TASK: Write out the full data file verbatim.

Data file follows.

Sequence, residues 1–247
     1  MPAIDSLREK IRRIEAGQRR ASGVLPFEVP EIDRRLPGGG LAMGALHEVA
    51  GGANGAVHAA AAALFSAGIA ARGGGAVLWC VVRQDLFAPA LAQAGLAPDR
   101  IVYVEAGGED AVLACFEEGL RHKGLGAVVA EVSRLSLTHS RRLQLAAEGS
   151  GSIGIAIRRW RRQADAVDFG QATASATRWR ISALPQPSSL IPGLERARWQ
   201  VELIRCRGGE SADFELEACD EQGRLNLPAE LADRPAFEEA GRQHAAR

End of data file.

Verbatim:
Sequence, residues 1–247
     1  MPAIDSLREK IRRIEAGQRR ASGVLPFEVP EIDRRLPGGG LAMGALHEVA
    51  GGANGAVHAA AAALFSAGIA ARGGGAVLWC VVRQDLFAPA LAQAGLAPDR
   101  IVYVEAGGED AVLACFEEGL RHKGLGAVVA EVSRLSLTHS RRLQLAAEGS
   151  GSIGIAIRRW RRQADAVDFG QATASATRWR ISALPQPSSL IPGLERARWQ
   201  VELIRCRGGE SADFELEACD EQGRLNLPAE LADRPAFEEA GRQHAAR